FDA tobacco bill

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This article is part of the Tobacco portal on Sourcewatch funded from 2006 - 2009 by the American Legacy Foundation.

The FDA tobacco bill, also known as the "Family Smoking Prevention and Tobacco Control Act," or the "Waxman tobacco bill" is legislation designed to give the U.S. Food and Drug Administration the power to regulate tobacco products. It was first introduced in the U.S. Congress in February, 2007, and was reintroduced in 2008 and again in 2009.[1]

News reports have indicated the bill was produced through negotiations between Philip Morris and the Campaign for Tobacco-Free Kids.[2]


In 1994, David A. Kessler, then Commissioner of the U.S. Food and Drug Administration (FDA) asserted that nicotine was a drug and cigarettes were drug-delivery devices intended to affect the structure and function of the body, and as such, should be regulated by the FDA under the federal Food, Drug & Cosmetic Act. Following this assertion, FDA promulgated rules that were narrowly tailored to protect youth from nicotine addiction, like the use of "tombstone" advertising (black and white text only), and restrictions on point of sale advertising. In 1995, Philip Morris, R.J. Reynolds, Brown & Williamson, Lorillard Tobacco Company and Liggett Tobacco Company challenged FDA's jurisdiction over nicotine in court [3] and ultimately, in 2000, the Supreme Court ruled on a split decision (5 to 4) that only Congress has the ability to direct FDA to regulate cigarettes.[4]


With the exception of menthol, the proposed bill would eliminate the use artificial flavorings in tobacco; require the disclosure of ingredients; allow FDA to require manufacturers recall "defective" cigarette products (that is, cigarettes that, according to the bill, contain "a manufacturing or other defect not ordinarily contained in tobacco products on the market that would cause serious, adverse health consequences or death"); require cigarettes not be "adulterated or misbranded"; require specifically worded warning labels with colors and graphics that take up 30 to 50 percent of the front and back of the pack; prevent the givaway of free samples; regulate advertising and promotion, and other measures. [5]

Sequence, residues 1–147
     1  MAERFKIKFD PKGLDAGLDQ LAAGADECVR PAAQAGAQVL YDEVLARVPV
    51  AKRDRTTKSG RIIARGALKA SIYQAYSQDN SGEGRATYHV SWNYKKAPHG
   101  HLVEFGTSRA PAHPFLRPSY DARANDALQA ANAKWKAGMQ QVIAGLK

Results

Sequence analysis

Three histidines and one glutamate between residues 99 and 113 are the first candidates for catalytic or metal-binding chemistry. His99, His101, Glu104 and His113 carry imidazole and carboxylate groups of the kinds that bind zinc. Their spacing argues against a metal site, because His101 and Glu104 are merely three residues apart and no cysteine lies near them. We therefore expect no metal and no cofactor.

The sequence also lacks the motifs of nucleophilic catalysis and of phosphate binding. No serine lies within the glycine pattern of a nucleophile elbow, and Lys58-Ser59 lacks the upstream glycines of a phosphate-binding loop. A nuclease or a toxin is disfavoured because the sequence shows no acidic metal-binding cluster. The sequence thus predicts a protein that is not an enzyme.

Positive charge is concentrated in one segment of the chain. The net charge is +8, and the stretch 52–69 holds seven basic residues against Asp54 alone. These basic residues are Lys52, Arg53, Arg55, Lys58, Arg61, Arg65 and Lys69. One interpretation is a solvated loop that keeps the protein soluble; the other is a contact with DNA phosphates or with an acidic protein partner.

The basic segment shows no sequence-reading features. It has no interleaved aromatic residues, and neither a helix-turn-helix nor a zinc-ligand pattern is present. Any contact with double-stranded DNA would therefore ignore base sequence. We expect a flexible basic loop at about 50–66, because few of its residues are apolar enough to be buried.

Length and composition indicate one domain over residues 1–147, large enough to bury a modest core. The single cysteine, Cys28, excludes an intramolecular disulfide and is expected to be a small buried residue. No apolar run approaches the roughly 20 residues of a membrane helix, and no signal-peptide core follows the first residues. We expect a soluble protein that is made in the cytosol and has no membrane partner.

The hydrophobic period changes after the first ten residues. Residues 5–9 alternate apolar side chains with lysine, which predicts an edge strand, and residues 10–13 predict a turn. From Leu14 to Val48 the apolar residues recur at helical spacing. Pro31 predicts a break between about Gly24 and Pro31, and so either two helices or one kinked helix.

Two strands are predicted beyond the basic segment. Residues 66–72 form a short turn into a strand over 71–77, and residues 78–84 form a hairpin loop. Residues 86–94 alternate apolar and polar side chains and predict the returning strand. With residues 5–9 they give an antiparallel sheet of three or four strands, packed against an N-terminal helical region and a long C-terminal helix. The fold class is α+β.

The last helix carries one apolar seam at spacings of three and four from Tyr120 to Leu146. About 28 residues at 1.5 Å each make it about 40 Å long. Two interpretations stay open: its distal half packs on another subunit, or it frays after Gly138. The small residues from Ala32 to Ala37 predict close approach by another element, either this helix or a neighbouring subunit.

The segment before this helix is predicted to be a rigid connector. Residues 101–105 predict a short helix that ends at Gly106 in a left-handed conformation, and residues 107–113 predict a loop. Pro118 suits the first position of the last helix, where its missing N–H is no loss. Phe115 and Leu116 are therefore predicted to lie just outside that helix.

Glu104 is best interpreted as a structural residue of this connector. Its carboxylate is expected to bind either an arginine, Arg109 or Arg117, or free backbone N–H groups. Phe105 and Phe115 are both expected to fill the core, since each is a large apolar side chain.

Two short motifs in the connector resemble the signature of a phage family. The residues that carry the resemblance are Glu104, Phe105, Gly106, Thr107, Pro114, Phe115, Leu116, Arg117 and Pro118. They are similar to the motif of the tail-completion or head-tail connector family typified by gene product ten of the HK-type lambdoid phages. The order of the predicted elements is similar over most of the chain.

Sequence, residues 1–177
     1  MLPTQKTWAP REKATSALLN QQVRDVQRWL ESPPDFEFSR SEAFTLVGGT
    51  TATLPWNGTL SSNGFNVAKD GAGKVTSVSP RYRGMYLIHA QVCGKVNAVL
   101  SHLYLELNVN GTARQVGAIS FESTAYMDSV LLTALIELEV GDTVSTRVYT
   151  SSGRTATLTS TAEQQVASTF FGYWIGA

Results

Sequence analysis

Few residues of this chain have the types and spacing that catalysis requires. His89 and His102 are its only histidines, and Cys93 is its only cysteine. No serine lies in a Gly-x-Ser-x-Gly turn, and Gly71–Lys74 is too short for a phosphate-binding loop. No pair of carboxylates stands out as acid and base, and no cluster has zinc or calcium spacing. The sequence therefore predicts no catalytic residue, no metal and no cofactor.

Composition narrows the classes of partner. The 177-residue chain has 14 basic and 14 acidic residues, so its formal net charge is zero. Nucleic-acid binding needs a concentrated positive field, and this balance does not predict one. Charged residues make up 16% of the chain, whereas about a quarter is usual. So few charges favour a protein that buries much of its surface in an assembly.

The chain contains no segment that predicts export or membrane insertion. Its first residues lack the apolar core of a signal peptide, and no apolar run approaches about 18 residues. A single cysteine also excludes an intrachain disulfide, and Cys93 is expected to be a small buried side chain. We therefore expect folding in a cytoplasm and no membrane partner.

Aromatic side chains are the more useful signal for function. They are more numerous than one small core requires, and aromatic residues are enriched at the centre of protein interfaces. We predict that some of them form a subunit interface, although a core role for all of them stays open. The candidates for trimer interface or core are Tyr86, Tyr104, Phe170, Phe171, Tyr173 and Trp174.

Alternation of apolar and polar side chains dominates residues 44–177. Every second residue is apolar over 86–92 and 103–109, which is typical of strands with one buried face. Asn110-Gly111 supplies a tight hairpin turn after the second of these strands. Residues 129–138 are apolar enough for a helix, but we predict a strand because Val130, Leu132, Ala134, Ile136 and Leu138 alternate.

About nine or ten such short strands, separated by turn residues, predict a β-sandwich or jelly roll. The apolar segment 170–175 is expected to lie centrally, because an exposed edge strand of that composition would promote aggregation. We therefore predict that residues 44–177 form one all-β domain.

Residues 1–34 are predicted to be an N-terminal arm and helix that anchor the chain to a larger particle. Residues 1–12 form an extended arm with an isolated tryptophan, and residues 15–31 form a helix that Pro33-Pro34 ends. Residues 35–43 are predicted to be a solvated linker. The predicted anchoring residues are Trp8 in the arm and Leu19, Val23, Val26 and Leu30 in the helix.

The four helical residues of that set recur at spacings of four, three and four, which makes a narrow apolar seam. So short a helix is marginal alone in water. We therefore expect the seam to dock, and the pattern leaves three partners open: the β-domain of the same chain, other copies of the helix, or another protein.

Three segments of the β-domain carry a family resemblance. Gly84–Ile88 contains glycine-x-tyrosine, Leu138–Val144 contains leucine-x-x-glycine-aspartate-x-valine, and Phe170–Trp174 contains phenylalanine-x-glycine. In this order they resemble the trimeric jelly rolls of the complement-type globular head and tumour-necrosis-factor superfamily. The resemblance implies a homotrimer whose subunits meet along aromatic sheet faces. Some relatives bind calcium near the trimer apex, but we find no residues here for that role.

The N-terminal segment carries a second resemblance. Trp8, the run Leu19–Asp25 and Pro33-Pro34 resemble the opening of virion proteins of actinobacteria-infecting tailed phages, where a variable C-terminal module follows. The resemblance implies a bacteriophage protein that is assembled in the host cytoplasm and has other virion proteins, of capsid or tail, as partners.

Criticism and opposition

Critics of the FDA tobacco bill include the American Association of Public Health Physicians and FDA chief Dr. Andrew C. von Eschenbach, who maintains that FDA's role is to regulate products that are beneficial to public health, and that the agency should be asked to regulate products that are harmful. Bringing tobacco under the jurisdiction of FDA could also mislead consumers into believing that tobacco products are safe or even good for their health. Opponents also argue that FDA agency does not have the financial or staff resources available to allow it to regulate the tobacco industry.[6]

Other criticisms include that the bill:

  • Precludes FDA’s authority to ban any class of tobacco product.
  • Precludes FDA’s authority to eliminate nicotine, the addictive element, from tobacco products.
  • Precludes FDA’s authority to remove additives that are nontoxic but contribute to the lure of the product.

Critics argue that the FDA should have full authority to remove all additives used in tobacco products regardless of their toxicity, since many non-toxic additives, like menthol or smootheners, contribute to the product's appeal and thus reinforce exposure to other toxins found in tobacco.

Critics oppose a provision in the bill that mandates that the tobacco industry have representation on the oversight committee created by the bill. They argue that tobacco manufacturers should not be given special access or authority to influence rules the government makes about the labeling, health and safety regulations of tobacco products. They also claim that this provision would also make the United States noncompliant with one of the key articles in the World Health Organization's Framework Convention on Tobacco Control.

The bill would also preempt state and local regulation of tobacco products. Critics argue that the FDA should set minimum standards for regulation and that local and state health authorities should have the ability to implement stronger regulations if such regulations are deemed necessary to protect public health.[7]

Related SourceWatch resources

External resources


  1. Library of Congress, Thomas Family Smoking Prevention and Tobacco Control Act, Henry A. Waxman. Accessed March 5, 2009
  2. Brody Mullins Philip Morris, Tobacco Foes Tied the Knot Roll Call, October 5, 2004
  3. J.L. Furr, M.L. Holton III, et al Coyne Beahn, Inc., Plaintiffs V. United States Food and Drug Administration and David A. Kessler, M.S., Commissioner of Food and Drugs, Defendants. First Amended Complaint for Declaratory and Injunctive Relief Civil Action, File Number 2 95CV00591 Court pleading. 39 pp. September 7, 1995. Bates No. 89278409/8447
  4. Linda Greenhouse, New York Times High court holds FDA can't impose rules on tobacco March 22, 2000
  5. GovTrack.us Text of H.R. 1256: Family Smoking Prevention and Tobacco Control Act, accessed March 5, 2009
  6. David Gutierrez, NaturalNews.com Why Philip Morris Supports FDA Regulation of Tobacco April 1, 2008. Accessed March 5, 2009
  7. Joel Nitzkin, David Cundiff, American Association of Public Health Physicians AAPHP Full Analysis of Proposed FDA Tobacco Legislation, July 12, 2007.33 pp. Accessed March 5, 2009